My ongoing project of metal sculptures called Sculptures for Margaret is named for the jewelry designer Margaret De Patta. De Patta’s studio jewelry in the 1960s and 70s engaged a dialog between fine art, design, and craft, through pieces informed by Constructivist ideas and her Chicago Bauhaus education. This project responds to her work by combining materials associated with jewelry and allusions to wearability, with references to contemporaneous 60s and 70s minimal and environmental sculpture, as well as to playground equipment, tableware, toys, hardware, headware, etc. That is, my sculptures are as informed by histories of abstraction in fine art and craft as they are by the circumstance and the rhythms of my day-to-day life.
Sized for domestic spaces like a bookshelf or windowsill, their small scale refers to objects we see, touch, own, and live with in our homes. My approach to the installation of my work seeks to invoke this domestic context by reflecting my own relationship to it and encouraging viewers to have their own private, close encounters. More recently, I’ve sought to broaden these possibilities by directly anchoring pieces in walls and corners, considering how they might relate to – or disrupt – a room.
I’ve recently also returned to working with cloth, a medium I had explored before working with metal. These new pieces, made of dark cloth that has been partly dyed and then bleached, serve as both a support and foil to the sculptures. Placed underneath a sculpture, the fabric might refer to the functionality of a tablecloth save for the particularity of its arrangement. A closer look might reveal uneven edges and subtle color shifts produced by the way they are bleached and dyed. On their own, the cloths might be closer to a folded, tactile painting.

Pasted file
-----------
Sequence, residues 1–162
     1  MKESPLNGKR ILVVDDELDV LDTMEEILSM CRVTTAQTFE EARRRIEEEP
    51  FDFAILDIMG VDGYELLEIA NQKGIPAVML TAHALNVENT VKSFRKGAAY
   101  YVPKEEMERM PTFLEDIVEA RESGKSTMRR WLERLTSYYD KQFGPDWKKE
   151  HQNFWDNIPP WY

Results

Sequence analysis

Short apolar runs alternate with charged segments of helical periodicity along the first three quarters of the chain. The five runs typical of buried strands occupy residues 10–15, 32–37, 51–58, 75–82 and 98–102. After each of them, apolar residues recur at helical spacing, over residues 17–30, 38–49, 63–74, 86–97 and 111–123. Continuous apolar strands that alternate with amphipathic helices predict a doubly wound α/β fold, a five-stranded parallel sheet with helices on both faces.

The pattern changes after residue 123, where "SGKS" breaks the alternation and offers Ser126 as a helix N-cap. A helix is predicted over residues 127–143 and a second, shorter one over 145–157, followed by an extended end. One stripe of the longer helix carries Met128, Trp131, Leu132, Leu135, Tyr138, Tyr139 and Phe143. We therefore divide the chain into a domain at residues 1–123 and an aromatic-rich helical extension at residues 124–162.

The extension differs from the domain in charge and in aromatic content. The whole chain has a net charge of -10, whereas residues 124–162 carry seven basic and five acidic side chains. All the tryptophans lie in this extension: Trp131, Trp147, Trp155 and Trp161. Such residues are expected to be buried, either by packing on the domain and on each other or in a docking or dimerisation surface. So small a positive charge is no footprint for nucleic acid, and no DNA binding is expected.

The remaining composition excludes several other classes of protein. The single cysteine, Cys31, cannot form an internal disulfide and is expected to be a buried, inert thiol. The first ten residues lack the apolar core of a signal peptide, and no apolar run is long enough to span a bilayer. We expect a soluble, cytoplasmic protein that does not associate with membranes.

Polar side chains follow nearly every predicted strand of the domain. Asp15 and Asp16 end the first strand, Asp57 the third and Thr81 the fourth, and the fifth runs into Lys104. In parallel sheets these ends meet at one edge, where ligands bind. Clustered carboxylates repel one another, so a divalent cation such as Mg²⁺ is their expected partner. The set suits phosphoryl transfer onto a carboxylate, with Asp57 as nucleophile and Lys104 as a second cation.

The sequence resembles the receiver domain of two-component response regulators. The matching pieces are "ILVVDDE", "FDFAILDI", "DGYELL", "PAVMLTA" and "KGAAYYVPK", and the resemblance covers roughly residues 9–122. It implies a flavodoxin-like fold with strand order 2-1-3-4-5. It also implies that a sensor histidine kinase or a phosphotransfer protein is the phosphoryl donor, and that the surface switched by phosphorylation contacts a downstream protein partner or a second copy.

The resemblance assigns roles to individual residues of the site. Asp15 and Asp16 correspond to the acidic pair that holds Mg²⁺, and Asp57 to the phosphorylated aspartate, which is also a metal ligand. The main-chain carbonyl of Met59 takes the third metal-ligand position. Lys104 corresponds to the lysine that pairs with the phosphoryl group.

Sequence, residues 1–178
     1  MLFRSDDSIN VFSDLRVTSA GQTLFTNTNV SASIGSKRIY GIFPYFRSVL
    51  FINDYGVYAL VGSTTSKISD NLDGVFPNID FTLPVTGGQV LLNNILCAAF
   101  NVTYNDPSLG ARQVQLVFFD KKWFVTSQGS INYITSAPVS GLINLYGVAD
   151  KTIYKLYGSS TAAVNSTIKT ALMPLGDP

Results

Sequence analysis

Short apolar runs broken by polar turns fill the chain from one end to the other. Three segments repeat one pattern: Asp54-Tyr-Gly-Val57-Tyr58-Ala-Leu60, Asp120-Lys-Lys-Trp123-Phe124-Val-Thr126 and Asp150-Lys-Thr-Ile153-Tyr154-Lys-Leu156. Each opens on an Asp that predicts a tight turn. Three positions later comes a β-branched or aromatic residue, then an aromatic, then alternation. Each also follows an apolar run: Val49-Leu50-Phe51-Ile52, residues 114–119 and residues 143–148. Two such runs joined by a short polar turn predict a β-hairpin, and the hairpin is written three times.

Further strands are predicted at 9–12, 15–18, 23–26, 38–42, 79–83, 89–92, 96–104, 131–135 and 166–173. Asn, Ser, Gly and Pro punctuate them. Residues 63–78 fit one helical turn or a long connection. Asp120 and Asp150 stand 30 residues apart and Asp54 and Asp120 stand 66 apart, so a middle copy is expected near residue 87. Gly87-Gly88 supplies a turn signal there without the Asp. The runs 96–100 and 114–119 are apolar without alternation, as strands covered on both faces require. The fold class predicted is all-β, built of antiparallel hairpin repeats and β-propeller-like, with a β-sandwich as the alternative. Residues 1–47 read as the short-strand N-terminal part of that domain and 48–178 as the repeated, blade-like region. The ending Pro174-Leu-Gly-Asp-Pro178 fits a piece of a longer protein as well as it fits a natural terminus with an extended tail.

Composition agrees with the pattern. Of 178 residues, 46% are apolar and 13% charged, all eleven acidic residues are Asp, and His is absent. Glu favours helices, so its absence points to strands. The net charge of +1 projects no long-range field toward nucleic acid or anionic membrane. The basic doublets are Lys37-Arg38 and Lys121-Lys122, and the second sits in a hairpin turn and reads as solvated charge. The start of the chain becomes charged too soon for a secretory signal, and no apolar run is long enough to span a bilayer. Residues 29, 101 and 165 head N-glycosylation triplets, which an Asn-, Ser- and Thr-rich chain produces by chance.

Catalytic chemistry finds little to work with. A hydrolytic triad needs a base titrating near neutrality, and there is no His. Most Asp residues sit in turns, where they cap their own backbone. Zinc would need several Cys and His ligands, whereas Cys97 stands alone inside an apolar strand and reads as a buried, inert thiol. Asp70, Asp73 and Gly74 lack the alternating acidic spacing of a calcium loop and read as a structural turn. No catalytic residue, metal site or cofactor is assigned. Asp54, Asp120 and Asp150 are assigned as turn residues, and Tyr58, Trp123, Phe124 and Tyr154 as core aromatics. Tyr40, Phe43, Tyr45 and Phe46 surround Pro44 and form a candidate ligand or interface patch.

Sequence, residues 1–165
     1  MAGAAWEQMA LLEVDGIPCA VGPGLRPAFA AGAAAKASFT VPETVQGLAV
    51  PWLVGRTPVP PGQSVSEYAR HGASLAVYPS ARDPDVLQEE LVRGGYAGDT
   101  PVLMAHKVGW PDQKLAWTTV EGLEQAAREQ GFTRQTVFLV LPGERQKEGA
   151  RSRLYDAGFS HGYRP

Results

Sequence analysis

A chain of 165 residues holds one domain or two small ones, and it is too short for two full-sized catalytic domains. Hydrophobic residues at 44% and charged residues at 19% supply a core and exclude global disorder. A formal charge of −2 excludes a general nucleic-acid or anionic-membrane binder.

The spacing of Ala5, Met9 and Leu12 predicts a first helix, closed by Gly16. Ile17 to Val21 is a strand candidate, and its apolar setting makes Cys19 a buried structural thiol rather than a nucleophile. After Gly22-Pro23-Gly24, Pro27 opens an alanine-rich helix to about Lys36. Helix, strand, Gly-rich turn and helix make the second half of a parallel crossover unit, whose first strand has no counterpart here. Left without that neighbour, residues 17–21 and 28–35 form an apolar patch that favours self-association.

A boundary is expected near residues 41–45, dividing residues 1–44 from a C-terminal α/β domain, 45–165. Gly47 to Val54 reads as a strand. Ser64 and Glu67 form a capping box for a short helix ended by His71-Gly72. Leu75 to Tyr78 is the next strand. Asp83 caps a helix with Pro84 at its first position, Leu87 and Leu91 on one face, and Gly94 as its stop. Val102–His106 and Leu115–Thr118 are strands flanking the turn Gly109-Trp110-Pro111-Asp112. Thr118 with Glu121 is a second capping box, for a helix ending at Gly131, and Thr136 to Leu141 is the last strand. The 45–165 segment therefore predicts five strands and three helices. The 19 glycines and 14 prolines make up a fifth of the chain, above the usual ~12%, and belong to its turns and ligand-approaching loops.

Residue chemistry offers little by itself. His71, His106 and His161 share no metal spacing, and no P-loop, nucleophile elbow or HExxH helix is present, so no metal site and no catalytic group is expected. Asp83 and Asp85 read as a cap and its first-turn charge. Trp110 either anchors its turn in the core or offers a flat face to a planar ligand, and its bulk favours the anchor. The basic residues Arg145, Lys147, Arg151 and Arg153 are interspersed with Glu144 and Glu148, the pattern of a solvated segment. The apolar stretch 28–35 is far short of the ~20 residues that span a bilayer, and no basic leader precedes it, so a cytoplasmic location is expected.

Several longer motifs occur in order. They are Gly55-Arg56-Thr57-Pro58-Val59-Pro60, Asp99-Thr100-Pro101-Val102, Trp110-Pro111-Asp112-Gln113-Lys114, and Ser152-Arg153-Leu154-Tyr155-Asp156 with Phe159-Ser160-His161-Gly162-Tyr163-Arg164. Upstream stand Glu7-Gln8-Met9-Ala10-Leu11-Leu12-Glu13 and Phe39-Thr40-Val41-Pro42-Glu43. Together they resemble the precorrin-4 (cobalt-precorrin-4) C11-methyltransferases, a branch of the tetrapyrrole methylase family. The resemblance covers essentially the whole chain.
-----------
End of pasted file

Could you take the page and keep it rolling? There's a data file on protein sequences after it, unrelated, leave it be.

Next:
There is a particular kind of intimacy that develops between me and my pieces over the course of working on them. My process is slow and deliberative. Decisions are hinged on striking the right balance between something that looks familiar and something unknown. I try to find forms which feel ‘right’ at their scale – objects that are neither models for something larger nor ever truly functional or wearable. I am closely involved in every stage of the making of my work, and I continue to study metalsmithing in order to fabricate each sculpture by hand.
Jewelry and metal ornament more broadly have historically played a significant role in commemorating personal ritual, and they still do today. Jewelry has an emotional symbolism and degree of sentimentality that is rarely associated with contemporary art. Fabric is something we wear and touch, wash and fold. My work harbors these references in a gesture to shift the often removed viewer-art relationship towards a more personal owner-object one, towards something more intimate.
Yale University School of Art, New Haven, Connecticut
Rhode Island School of Design, Providence, Rhode Island
Capital, Stefanie Victor/Christopher Garrett, San Fransisco, CA (forthcoming September)
Four A.M., Stefanie Victor/Cuyler Remick, New York, New York
PS1/MoMA, Greater New York, New York, New York
Fleisher/Ollman Gallery, The Usefulness of Useless Things, Philadelphia, Pennsylvania
Participant Inc, Nothing Up My Sleeve, New York, New York
The Drawing Center, Lineage: Selections, New York, New York
Essay ‘Yes, But, and Still’ published in Ohio Edit
Invisible Exports AMC edition and interview (August artist)
Rema Hort Mann Foundation Nominee
United States Artists Nominee
Rema Hort Mann Foundation Nominee
Helen W. Winternitz Award, Yale University School of Art
European Honors Program, Rhode Island School of Design, Rome, Italy
Haystack Open Studio Residency (awarded)
MacDowell Colony Residency Fellowship, Visual Arts
Grace Church School High School, New York, New York
Visual Art Coordinator, Art Teacher
Trinity College, Hartford, Connecticut
Visiting Assistant Professor
Housatonic Community College, Bridgeport, Connecticut